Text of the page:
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Torres v. Department of Corrections

Supreme Court of Maine

August 2, 2016

JORGE A. TORRES
v.
DEPARTMENT OF CORRECTIONS

          Submitted On Briefs: June 22, 2016

          Jorge A. Torres, appellant pro se

          Janet T. Mills, Attorney General, James E. Fortin, Asst. Atty. Gen., and Diane E. Sleek, Asst. Atty. Gen., Office of the Attorney General, Augusta, for amicus curiae Office of the Attorney General

         The Department of Corrections did not file a brief

          Panel: SAUFLEY, C.J., and ALEXANDER, MEAD, GORMAN, JABAR, and HUMPHREY, JJ.

          GORMAN, J.

         [¶1] Jorge A. Torres appeals from an order of the Superior Court (Knox County, Billings, J.) dismissing, for failure to pay an initial partial filing fee, Torres's petition seeking judicial review of a final Department of Corrections decision. We vacate the judgment and remand the case for further proceedings.

         I. BACKGROUND

         [¶2] This case has an exceedingly muddled procedural history, compounded by confounding actions by the Department of Corrections. In an effort to ensure that this series of events is not repeated, we describe the events that occurred in some detail.

         [¶3] Torres is incarcerated at the Maine State Prison. On July 20, 2015, pursuant to 5 M.R.S. §§ 11001-11008 (2015) and M.R. Civ. P. 80C, he filed a petition in the Superior Court (Knox County) for judicial review of a final Department of Corrections decision finding him guilty of the disciplinary offense of tattooing. With the petition, he filed an application to proceed without payment of fees, an indigency affidavit, and a certified prisoner account statement. See 4 M.R.S. § 1058(1) (2015); M.R. Civ. P. 91(a)(1), (2). The account statement showed that he had $0.03 available in his general account, that the average monthly balance in that account during the previous six months was $3.14, and that the average monthly deposits during those months equaled $25.83.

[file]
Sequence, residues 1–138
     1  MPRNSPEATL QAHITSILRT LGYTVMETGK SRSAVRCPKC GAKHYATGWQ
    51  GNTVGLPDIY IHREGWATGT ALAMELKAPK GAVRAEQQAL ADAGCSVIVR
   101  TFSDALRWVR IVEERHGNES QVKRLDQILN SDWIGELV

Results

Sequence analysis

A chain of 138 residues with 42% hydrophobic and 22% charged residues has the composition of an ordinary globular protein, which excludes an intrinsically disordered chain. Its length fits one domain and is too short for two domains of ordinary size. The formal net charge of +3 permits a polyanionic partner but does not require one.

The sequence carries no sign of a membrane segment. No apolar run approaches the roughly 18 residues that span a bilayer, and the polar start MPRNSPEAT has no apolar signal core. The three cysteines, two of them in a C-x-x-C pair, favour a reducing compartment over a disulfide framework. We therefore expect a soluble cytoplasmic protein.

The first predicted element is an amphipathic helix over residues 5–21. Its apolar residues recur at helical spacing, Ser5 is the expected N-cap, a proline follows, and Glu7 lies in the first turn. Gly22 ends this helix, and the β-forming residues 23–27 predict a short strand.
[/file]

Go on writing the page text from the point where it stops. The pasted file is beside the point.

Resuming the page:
[¶4] In an order dated July 22, 2015, the court (Billings, J.) found that Torres's application to proceed without payment of fees was complete, that the petition for review was not frivolous, and that Torres was proceeding in good faith. Based on the information in Torres's account statement, the court ordered him to pay an initial partial filing fee of $5.16 by August 12, "failing which the matter shall be dismissed for lack of prosecution."

         [¶5] Through a motion dated July 29, but not received by the court until August 7, 2015, Torres requested that the court "clarify prisoner funds and inability to pay partial filing fee, " arguing that because he did not have the means to pay the initial partial filing fee, the court could not prevent him from proceeding with his petition for review. He included an updated certified account statement showing that he had no money available in his general account, that the average monthly balance during the previous six months was $2.15, and that the average monthly deposits during those months was $25.83.

         [¶6] At the same time, Torres filed a "motion on acceptance of service" and a "motion to request service." In these motions, he asserted that he was unable to pay for service by certified mail as required by 5 M.R.S. § 11003(1), but had mailed four copies of his petition, eight copies of service acknowledgement forms, four self-addressed stamped envelopes, and a letter, by ordinary first class mail, to the Assistant Attorney General representing the Department.[1] Attached to one of these motions was a letter Torres received from the Departments counsel after he attempted to serve the Department by regular mail. The letter, dated July 1, 2015, states:

I am responding to your letter dated June 26, 2015 asking me to accept service by regular mail of a Rule 80C that you may have filed in court.
I have checked your facility account and have been told that you received $100.00 as recently as May 11, 2015 and then proceeded to spend most of it on canteen purchases on May 15 and May 21. Therefore, I will not accept service.[2]

         Torres requested that the court serve his petition on the Department of Corrections or that it order the Attorney Generals Office to accept ...


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